IT can pay to see yourself as critics see you. So when the distinguished physicist Clifford M. Will of Washington University in St. Louis takes a poke at science news reporting, those of us in the business should listen. After all, Professor Will is no mean science expositor himself, having won the American Institute of Physics science writing award for his lucid book ``Was Einstein Right?'' (Basic Books, 1986). Moreover, he has a point.
He complains that ``science journalists and their editors don't follow up some of the stories they report.'' Few note when a sensational ``discovery'' turns sour. Few report the later success of a project whose initial ``failure'' made headlines.
Making his case in the biweekly professional scientists' newspaper The Scientist, Will cites the chase after the ``fifth force'' chimera. Measurements down deep holes and mines and up tall towers suggested a subtle fault in Newton's law of gravity. Some physicists speculated that an unknown force was at work. It would be a basic force to add to the four already known - electromagnetism, the strong force that holds atoms together, the weak force involved in some kinds of radioactivity, and standard gravity. The sensational speculation was widely reported. Yet, Will notes, ``when the force was pronounced all but dead ... at a December 1989 conference in Les Arcs, France, no reporter was present'' to write the follow-up story.
OK, here's a follow-up. Not only did the conference virtually kill the fifth-force speculation, but now one of its staunchest supporters - Frank Stacey of the University of Queensland, Australia - has given in. Dr. Stacey recently said that ``subtle error'' in the calculations misled him. These calculations use general gravity data for a wide area around the site of the investigator's own measurements. Stacey finds such general data are biased in ways that spoil his own and others' calculations.
Continuing in the spirit of Will's critique, here's a follow-up on another story. A year ago, an Ariane rocket launched the European Space Agency (ESA) Hipparcos astronomy satellite. It is designed to measure the position and motion of 120,000 stars to a new order of precision, producing the most accurate sky map astronomers have ever had. They looked forward to the mission and were disappointed when a booster rocket failed to fire and stranded Hipparcos. By last fall, the ESA team had found it could get some useful data from the mission. This month, the team reported that the mission has virtually been saved.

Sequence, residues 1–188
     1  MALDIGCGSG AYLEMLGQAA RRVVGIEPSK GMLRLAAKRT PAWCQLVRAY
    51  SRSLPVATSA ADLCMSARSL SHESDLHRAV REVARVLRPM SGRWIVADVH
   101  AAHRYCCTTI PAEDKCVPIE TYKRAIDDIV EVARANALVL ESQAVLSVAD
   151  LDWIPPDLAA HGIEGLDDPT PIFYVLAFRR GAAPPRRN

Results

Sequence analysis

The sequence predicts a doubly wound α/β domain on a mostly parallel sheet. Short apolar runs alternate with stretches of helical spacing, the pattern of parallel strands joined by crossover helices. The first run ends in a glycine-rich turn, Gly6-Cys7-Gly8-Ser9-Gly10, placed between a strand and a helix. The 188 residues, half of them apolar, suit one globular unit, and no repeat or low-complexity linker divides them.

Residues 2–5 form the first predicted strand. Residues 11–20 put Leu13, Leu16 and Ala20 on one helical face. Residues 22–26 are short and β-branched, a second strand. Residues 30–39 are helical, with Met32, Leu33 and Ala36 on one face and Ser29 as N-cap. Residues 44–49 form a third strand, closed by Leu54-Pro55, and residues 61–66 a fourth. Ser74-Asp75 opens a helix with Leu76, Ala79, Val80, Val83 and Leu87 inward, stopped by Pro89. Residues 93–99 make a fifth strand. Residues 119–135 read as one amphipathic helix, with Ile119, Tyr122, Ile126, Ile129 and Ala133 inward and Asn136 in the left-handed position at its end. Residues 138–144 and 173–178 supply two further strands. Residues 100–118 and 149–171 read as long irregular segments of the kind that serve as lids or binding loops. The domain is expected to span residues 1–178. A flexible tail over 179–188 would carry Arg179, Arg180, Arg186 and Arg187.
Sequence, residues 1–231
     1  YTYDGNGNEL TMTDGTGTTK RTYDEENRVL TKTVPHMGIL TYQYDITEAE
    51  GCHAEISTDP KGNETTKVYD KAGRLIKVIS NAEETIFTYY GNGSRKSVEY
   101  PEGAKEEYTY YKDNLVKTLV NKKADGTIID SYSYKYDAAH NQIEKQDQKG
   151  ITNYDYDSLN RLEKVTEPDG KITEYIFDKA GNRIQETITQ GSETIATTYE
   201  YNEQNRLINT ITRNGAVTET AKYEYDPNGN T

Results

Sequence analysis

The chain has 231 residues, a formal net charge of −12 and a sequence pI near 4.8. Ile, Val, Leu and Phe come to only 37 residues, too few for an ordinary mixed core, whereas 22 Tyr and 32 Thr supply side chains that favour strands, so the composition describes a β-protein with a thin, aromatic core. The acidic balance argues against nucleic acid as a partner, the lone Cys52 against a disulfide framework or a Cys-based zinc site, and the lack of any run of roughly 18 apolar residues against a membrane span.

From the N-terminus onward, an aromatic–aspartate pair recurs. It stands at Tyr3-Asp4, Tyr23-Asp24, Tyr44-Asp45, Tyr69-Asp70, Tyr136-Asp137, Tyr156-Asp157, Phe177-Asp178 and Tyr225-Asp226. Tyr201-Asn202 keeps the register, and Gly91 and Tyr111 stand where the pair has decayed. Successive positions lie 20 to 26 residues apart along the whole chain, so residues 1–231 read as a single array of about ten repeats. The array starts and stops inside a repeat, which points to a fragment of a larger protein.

Hipparcos was to have been in geostationary orbit where its German tracking station could keep it in view. Instead, it is in an elongated orbit where the station can't see it much of the time. Other space-tracking stations are helping so that data are flowing in 70 percent of the time.
The elongated orbit brings the spacecraft down into Earth's radiation belts, where speeding particles attack its solar cells. ESA engineers had feared this would soon ruin the power supply. But although there is some damage, ESA now expects the mission can last for several years. Indeed, more than 5 million high-quality observations of the 120,000 stars have already been made.
So there you are. A sensational offbeat ``discovery'' is deflated. A dramatic ``failure'' turns into an outstanding success. This kind of follow-up news is well worth reporting. Thanks for the prod, Dr. Will.